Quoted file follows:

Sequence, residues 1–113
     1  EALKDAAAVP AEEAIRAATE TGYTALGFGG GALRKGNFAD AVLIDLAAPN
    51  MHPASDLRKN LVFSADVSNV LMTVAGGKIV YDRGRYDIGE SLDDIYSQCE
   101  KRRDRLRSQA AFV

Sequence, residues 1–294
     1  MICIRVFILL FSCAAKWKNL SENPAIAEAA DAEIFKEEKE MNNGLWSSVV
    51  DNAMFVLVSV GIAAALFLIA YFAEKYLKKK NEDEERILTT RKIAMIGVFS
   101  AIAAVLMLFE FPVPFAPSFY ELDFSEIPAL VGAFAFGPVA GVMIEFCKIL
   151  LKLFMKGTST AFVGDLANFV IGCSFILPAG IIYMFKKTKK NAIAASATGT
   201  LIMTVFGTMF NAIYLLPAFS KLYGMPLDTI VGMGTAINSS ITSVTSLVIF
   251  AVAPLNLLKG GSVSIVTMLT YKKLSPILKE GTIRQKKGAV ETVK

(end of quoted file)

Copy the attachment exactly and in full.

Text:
Sequence, residues 1–113
     1  EALKDAAAVP AEEAIRAATE TGYTALGFGG GALRKGNFAD AVLIDLAAPN
    51  MHPASDLRKN LVFSADVSNV LMTVAGGKIV YDRGRYDIGE SLDDIYSQCE
   101  KRRDRLRSQA AFV

Sequence, residues 1–294
     1  MICIRVFILL FSCAAKWKNL SENPAIAEAA DAEIFKEEKE MNNGLWSSVV
    51  DNAMFVLVSV GIAAALFLIA YFAEKYLKKK NEDEERILTT RKIAMIGVFS
   101  AIAAVLMLFE FPVPFAPSFY ELDFSEIPAL VGAFAFGPVA GVMIEFCKIL
   151  LKLFMKGTST AFVGDLANFV IGCSFILPAG IIYMFKKTKK NAIAASATGT
   201  LIMTVFGTMF NAIYLLPAFS KLYGMPLDTI VGMGTAINSS ITSVTSLVIF
   251  AVAPLNLLKG GSVSIVTMLT YKKLSPILKE GTIRQKKGAV ETVK